Violet Parry is bored. She is bored with what her life has become. Once vibrant and full of life (her rock and roll manager husband David used to call her "Ultra Violet") Violet is now a stay at home mom. Sure, life is good, she hand-picked the house they live in and money is certainly not an issue, but Violet has lost her zip. Their toddler Dot has become an anchor holding her back from living, and she still has not lost the baby weight around her middle... and possible her thighs... and for su ...more
Dec 29, 2012 rated it really liked it
After enjoying Where'd You Go, Bernadette so much, I decided to try Semple's earlier novel. It may be even more vivid and memorable than Bernadette. It's a strange story of a successful Hollywood couple whose relationship goes off the tracks when Violet becomes a fulltime mom - a role clearly more mundane, isolating and un-creative than people like to admit. Violet starts a relationship with a down-and-out ex-junkie musician that is believable, exhilerating and somewhat outrageous.

The parallel s
Nov 17, 2008 rated it it was amazing
A modern day Anna Karenina full of fabulous houses, people and celebrities. While it's a difficult task to create pity for people with fabulous lives, Maria Semple does a great job. Perfect airport reading for your holiday journeys.
Mar 19, 2010 rated it really liked it  ·  review of another edition
In This One is Mine, Maria Semple does something remarkable - she takes what would normally be unlikeable characters and makes me care about them.

Semple is a former writer of superb t.v. shows such as Mad About You and Arrested Development, so already you know you're in good hands in terms of realistic relationships, smart dialogue, and zany situations (two words: sweat lodge - could not stop laughing!). Done, done, and done.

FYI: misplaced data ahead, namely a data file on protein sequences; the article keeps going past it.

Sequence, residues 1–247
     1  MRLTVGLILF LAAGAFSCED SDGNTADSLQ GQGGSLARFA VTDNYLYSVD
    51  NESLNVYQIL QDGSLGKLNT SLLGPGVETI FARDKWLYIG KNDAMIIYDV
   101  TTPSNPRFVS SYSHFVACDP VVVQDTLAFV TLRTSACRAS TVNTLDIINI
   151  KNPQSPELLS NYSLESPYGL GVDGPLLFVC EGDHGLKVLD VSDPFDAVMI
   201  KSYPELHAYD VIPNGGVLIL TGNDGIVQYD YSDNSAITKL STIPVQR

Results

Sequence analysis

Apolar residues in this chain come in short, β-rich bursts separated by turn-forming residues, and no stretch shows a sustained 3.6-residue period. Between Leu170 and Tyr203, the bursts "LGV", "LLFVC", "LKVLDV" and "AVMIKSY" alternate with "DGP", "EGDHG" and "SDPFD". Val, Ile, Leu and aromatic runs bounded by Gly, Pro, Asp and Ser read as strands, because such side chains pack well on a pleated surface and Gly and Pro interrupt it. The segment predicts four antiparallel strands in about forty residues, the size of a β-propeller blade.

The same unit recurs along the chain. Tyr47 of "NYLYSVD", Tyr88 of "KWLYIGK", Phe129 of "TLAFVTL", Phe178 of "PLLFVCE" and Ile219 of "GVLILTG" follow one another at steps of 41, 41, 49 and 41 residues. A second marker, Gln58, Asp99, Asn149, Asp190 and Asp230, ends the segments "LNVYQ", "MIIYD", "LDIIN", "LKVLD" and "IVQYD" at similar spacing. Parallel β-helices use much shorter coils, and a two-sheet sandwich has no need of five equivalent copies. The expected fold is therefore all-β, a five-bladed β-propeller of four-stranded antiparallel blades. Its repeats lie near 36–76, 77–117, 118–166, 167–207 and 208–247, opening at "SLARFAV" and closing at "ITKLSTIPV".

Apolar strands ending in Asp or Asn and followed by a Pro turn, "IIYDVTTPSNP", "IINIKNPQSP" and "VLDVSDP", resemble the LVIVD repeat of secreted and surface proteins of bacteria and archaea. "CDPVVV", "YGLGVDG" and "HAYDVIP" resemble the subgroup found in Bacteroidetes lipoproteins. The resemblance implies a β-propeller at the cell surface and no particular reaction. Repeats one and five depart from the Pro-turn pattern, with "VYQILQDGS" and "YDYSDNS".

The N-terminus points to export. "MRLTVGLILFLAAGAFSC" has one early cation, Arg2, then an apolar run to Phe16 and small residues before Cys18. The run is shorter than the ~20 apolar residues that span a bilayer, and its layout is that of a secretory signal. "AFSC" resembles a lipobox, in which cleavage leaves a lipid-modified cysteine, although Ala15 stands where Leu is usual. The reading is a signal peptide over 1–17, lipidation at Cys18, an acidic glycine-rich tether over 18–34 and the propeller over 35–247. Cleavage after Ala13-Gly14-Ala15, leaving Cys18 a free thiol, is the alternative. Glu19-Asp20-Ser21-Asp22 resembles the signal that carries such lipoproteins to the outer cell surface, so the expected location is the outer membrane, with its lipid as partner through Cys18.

David Parry, a music producer in Los Angeles, at first glance seems l
Jim Loter
Mar 17, 2015 rated it really liked it
Since this book's been out a while I don't think the world needs another recap of the plot. I liked the book a lot. I am rather fascinated, though, by reading other reviews on this site and seeing how many of them contain a variation of "I know I don't need to 'identify' with or 'like' the characters in a book, but still..." and then go on to trash the book because of the unlikable characters.

I love unlikable characters - or, I should say I love "broken" characters, which this book is full of. T
May 29, 2010 rated it it was ok  ·  review of another edition
Shelves: 2010-reads
My Thoughts:
I've decided to change things up a bit with this review. First, I want to say upfront that I thought the writing was wonderful. I think Maria has a real gift and her talent is immense. Please keep that in mind, as I'm sharing my thoughts with you of this one, that I'm not attacking Semple whatsoever! I would read another book written by her in a heartbeat. I just have MAJOR ISSUES with the characters and their behaviors throughout this story. So here it goes-

Synopsis from Goodreads:
Jun 12, 2009 rated it it was ok
Not sure what to say about this one--it is between a two and a three. Well-written. I read it quickly, and wanted to know what happened with the characters, but I wouldn't totally say it was good. The novelist used to write for TV and some of the scenarios are really funny, and there are many touches of current life that are humorously worked into the plot (for example, Asperger's syndrome, food allergies, tattoos, yoga all play parts in the story). The characters are deeply flawed folks trying ...more
Kelly (and the Book Boar)
Find all of my reviews at:

2.5 Stars

Violet Parry is going through a mid-life crisis. While she should be perfectly content living her life (house on Mulholland Drive, billionaire music-mogul husband, a beautiful baby girl), she’s not. A chance encounter with down-and-out Teddy Reyes reignites a spark in Violet that she thought was gone forever.

Sally is Violet’s sister-in-law. She would kill for the chance to live a life of luxury like her brother and his wife.
May 19, 2013 rated it did not like it
Easily one if, if not THE, worst book I've ever read. Was looking for a chick-lit beach read, got what is essentially smut about the 4 most annoying people ever imagined.
Jun 26, 2014 rated it really liked it  ·  review of another edition